For some time the SYRELI College has noted that holders of domain names register domain names similar to company names (“ndd.fr*”) that they then use to create e-mail addresses of the type “email@example.com”, “firstname.lastname@example.org”, “email@example.com” etc.
Using these email addresses, the same holders contact companies to be given supposedly lost passwords or even open customer accounts to place orders with suppliers. Orders placed are then billed to the names of companies whose corporate names have been usurped when the goods have been delivered to the holders of the similar domain names.
Article 313-1 of the French Criminal Code of Law provides that: “Fraud is the de facto use of a false name or under false pretences, or the misuse of a genuine status, or the use of fraudulent procedures, in order to deceive an individual or corporate entity and thus persuade same, to its own prejudice or to the prejudice of a third party, to transfer funds, securities or property, provide a service or consent to an act incurring or discharging an obligation.
Fraud is punishable by five years imprisonment and a fine of 375,000 euros.”
The SYRELI response
Companies that are victims of this type of situation submit a SYRELI application on the platform and the related evidence such as:
- Screenshots of web pages to which the domain name refers if the pages contain the mailing address of the corporate victim as well as the contact email address using the domain name firstname.lastname@example.org;
- Screen captures of emails received by providers when these emails demonstrate the steps taken by the owner using the domain name based on the email@example.com model in order to open accounts in the name of the corporate victim and place orders to be billed to the mailing address of the corporate victim and to be delivered to an ad hoc address;
- Exchanges of emails with partners of the corporate victim contacted via an email address constructed on the firstname.lastname@example.org model in which the first and last name are those of a representative of the corporate victim (director, president, manager, sales manager, etc.);
- Job offers disseminated by the holder for the packaging, receipt and dispatching of home work parcels distributed over the Internet and by e-mail on behalf of the corporate victim using a contact email address referencing the domain name based on the email@example.com model;
- A copy of the complaint from the corporate victim for fraud upon receipt of invoices, payment reminders and prosecution for the payment of orders placed by the holder of the domain name.
When the documents filed on the platform allow the SYRELI College to verify that the domain name is liable to infringe a right guaranteed by law and in particular that governed by Article 313-1 of the Criminal Code of Law which defines the act of fraud, then the SYRELI College considers that the corporate victim has demonstrated the bad faith of the holder of the domain name as defined in Article R. 20-44-46 of the French Electronic Communications and Telecommunications Act (CPCE), and decides that the name domain does not comply with the provisions of Article L. 45-2 of the CPCE.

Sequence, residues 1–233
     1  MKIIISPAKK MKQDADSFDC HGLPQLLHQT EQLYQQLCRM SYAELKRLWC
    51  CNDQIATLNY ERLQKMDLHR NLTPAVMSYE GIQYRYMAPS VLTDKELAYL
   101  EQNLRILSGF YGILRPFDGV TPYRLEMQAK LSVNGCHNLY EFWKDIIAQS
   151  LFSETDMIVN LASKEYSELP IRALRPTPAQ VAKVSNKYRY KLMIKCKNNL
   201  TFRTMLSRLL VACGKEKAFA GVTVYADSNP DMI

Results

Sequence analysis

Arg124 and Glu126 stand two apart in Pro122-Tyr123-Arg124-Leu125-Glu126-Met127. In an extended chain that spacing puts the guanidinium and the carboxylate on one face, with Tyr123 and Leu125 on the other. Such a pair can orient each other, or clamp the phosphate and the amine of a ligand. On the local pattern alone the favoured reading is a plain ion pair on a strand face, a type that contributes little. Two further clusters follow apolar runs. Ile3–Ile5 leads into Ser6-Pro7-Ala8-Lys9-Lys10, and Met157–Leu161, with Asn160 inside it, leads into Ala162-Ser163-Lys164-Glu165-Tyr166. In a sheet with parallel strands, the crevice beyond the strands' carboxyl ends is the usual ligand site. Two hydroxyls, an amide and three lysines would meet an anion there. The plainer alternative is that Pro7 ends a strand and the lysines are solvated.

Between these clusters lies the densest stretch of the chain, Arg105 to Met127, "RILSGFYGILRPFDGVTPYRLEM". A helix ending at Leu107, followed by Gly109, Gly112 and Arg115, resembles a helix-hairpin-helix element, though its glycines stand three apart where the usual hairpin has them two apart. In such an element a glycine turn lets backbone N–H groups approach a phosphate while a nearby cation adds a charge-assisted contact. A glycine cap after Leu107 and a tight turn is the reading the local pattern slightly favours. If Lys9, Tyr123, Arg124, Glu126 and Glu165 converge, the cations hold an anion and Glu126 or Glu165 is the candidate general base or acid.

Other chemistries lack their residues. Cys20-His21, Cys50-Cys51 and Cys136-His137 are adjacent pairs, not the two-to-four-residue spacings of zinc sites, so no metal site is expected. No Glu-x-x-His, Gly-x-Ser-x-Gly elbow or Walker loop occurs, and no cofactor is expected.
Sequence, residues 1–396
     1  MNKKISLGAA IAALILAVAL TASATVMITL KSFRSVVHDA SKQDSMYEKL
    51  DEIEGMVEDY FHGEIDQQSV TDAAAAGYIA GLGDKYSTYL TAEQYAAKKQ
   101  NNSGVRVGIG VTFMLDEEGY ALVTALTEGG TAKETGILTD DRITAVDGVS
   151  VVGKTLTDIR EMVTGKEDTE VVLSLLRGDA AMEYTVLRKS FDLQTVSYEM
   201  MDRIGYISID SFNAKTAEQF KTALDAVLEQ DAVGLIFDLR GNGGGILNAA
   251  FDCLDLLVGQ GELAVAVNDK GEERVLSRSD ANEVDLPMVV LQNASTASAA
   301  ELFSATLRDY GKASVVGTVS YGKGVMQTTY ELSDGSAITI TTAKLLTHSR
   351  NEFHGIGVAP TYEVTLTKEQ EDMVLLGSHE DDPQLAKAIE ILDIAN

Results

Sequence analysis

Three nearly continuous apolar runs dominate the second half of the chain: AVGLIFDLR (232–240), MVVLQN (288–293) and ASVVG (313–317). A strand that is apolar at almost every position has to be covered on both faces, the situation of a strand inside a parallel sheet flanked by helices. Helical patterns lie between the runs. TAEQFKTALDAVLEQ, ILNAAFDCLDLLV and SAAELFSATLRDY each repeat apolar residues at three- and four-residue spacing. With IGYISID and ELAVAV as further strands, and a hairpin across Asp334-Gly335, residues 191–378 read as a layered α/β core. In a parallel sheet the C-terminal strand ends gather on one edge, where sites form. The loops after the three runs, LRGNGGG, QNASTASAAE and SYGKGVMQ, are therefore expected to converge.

The corporate victim then obtains what it has requested from the SYRELI College, i.e. either the transmission or the deletion of the domain name.
Turning the tables
These usurpers typically register their domain names without complying with the Afnic naming charter and rules for registering French TLDs. Specifically, rather than comply with paragraph 86, which requires that all holders of domain names indicate exact identifiers, they indicate the postal addresses of the representatives of the corporate victims.
However, holders gain access to the SYRELI platform by sending the access codes to the email and postal addresses indicated by the holder of the domain name.
In this way the corporate victim is notified at its postal address of the opening of the SYRELI procedure concerning the holder. Using the codes enabling access to the platform of the holder, it replies as the holder thereby proving that the contact information in the whois database is its own, apart from the email address.
In its reply, the corporate victim indicates it has not registered the domain name and requests its transfer to the applicant in the SYRELI procedure, which amounts to a request for a transfer from the company to itself!
In doing so, the representatives of corporate victims have the last word!
* ndd.fr in this case is a fictitious domain name used as an example unrelated to that registered by its holder